Dublin poised to clear IAG offer for Aer Lingus shares


An Aer Lingus plane taxis before take off at Dublin airport January 27, 2015. The board of Irish airline Aer Lingus has recommended a raised 1.36-billion-euro ($1.5 billion) takeover offer from the owner of British Airways, which must now soothe Irish government concerns to win approval. REUTERS/Cathal McNaughton (IRELAND - Tags: TRANSPORT BUSINESS) - RTR4N5L6

The Irish government could approve the sale of Aer Lingus as early as Tuesday after its advisers recommended that it should accept an offer for the state’s 25 per cent stake in the flag carrier from International Airlines Group.

The cabinet is to study the recommendation at its weekly meeting on Tuesday, Enda Kenny, the prime minister, said. People close to the matter said the government believed it had won significant concessions from IAG about the future of Aer Lingus’s take-off and landing slots at Heathrow airport — the main stumbling block to the acquisition.

IAG, which owns British Airways and Iberia, first approached Aer Lingus with a takeover offer at the end of last year and made an indicative approach in January that valued the airline at €1.36bn. But it has said any final offer it makes is conditional on acceptance by the Irish state and by Ryanair, the rival Irish carrier that owns 29 per cent of Aer Lingus.

The government advisers are understood to have recommended that the takeover price is a fair one. If the government approves the deal today, it must still face a vote in parliament, where opposition political parties are fiercely opposed to the sale of the Aer Lingus stake.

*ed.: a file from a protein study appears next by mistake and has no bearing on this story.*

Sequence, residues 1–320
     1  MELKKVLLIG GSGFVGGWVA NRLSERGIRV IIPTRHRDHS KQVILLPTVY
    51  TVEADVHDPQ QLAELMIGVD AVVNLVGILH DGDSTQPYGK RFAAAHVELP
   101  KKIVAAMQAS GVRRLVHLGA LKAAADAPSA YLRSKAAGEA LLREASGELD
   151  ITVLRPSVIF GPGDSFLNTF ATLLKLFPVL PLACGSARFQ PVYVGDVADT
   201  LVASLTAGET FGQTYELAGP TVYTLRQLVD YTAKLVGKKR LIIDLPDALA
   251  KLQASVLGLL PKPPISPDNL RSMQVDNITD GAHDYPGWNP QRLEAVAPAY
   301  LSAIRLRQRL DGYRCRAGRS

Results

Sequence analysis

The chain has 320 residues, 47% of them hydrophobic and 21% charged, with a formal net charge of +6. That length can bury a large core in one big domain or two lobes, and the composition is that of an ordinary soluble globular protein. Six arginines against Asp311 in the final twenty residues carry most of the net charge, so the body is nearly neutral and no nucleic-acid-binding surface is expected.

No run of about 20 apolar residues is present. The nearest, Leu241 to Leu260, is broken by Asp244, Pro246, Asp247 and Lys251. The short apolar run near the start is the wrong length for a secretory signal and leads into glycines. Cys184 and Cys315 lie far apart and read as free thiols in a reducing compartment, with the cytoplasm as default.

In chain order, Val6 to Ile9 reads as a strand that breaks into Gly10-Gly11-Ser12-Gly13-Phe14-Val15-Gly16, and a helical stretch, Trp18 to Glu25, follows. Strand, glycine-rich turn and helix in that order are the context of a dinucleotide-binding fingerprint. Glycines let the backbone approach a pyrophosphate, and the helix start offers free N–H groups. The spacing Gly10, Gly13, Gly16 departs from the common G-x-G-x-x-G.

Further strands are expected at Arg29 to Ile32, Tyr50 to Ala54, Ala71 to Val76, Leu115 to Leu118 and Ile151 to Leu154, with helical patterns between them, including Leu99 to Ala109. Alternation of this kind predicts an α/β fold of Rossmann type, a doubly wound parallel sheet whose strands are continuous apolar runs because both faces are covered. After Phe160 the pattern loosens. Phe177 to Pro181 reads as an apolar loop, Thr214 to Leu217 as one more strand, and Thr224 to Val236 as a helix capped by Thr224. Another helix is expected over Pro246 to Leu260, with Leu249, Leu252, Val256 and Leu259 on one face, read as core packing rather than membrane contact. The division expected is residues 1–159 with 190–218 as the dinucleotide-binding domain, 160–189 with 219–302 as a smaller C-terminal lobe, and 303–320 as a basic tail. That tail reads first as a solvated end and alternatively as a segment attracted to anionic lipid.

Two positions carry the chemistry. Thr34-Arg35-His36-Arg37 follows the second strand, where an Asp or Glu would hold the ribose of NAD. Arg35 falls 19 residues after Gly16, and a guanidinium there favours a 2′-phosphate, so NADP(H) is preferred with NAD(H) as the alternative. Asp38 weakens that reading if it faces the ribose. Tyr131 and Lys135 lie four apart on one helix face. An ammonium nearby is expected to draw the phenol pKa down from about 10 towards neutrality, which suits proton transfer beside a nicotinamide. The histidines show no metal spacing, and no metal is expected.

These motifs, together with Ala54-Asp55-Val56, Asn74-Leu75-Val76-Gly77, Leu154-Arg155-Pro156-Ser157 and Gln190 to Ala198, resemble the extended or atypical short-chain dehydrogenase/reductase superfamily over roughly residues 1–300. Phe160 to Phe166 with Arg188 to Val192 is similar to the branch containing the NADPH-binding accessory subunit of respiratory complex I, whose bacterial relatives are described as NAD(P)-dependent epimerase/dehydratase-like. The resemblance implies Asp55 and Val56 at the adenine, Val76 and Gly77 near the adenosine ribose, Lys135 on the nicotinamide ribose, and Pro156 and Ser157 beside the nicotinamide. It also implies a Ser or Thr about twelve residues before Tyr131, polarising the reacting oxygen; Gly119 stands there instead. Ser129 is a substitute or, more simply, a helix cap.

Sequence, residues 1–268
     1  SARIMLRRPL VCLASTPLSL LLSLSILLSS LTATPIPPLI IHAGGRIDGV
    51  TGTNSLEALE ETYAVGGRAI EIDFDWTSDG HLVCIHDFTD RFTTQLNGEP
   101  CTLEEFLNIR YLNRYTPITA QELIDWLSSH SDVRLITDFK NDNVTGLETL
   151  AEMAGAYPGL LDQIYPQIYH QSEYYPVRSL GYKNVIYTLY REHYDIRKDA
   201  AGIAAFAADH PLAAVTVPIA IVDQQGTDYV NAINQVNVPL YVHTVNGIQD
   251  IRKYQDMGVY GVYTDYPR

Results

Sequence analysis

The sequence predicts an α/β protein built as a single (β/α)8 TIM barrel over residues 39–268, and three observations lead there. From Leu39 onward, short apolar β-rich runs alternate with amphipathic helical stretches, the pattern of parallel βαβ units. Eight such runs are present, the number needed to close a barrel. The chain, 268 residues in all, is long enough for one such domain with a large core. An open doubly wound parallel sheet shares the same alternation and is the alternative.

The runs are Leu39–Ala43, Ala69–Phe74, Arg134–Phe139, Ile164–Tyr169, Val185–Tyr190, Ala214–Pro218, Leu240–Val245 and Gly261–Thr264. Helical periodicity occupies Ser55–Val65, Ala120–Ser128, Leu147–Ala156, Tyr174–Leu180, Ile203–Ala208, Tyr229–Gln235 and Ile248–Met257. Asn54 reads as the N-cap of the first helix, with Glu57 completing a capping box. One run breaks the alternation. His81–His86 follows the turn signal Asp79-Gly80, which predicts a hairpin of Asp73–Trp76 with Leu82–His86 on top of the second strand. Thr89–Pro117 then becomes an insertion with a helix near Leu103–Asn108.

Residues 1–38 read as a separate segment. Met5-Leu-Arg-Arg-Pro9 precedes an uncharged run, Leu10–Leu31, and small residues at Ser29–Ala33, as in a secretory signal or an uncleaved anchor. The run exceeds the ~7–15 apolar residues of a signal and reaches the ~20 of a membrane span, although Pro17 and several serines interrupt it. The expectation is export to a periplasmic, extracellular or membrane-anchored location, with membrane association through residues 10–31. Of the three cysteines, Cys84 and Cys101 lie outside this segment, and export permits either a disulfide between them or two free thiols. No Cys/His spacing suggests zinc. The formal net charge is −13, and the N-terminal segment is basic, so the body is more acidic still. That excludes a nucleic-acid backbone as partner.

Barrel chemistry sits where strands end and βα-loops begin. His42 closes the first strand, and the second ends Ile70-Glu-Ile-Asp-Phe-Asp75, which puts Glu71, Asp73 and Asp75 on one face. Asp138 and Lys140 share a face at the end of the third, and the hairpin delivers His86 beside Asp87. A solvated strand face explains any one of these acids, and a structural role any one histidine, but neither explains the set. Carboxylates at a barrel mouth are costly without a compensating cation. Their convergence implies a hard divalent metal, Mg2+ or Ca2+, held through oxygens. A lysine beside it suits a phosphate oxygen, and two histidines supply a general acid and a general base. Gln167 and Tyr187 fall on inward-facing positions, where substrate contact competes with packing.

However, today’s development will bring to an end six months of delicate negotiations between Irish government ministers and Willie Walsh, IAG’s chief executive, over the terms on which the Aer Lingus stake would be sold. Mr Walsh, a former boss of Aer Lingus, said at a lunch in Dublin last week that he was “in no hurry” to get the deal done.

The main attraction for IAG and Mr Walsh is the prospect that Aer Lingus can expand its transatlantic services from Dublin airport, which, unlike Heathrow, has spare runway capacity. But the deal was always dependent on getting agreement on maintaining Aer Lingus’s Heathrow slots for flights to and from Ireland.

IAG has agreed to maintain the slots for seven years, two more than its initial five-year pledge. In return, it will receive some comfort over the level of airport charges, particularly in the last two years of the guarantee. IAG will also agree to maintain a minimum number of flights out of Cork and Shannon — currently at three a day out and four a day respectively — to assuage local concerns over the future for these regional airports, one person close to the subject said.

The government had demanded a 10-year commitment.




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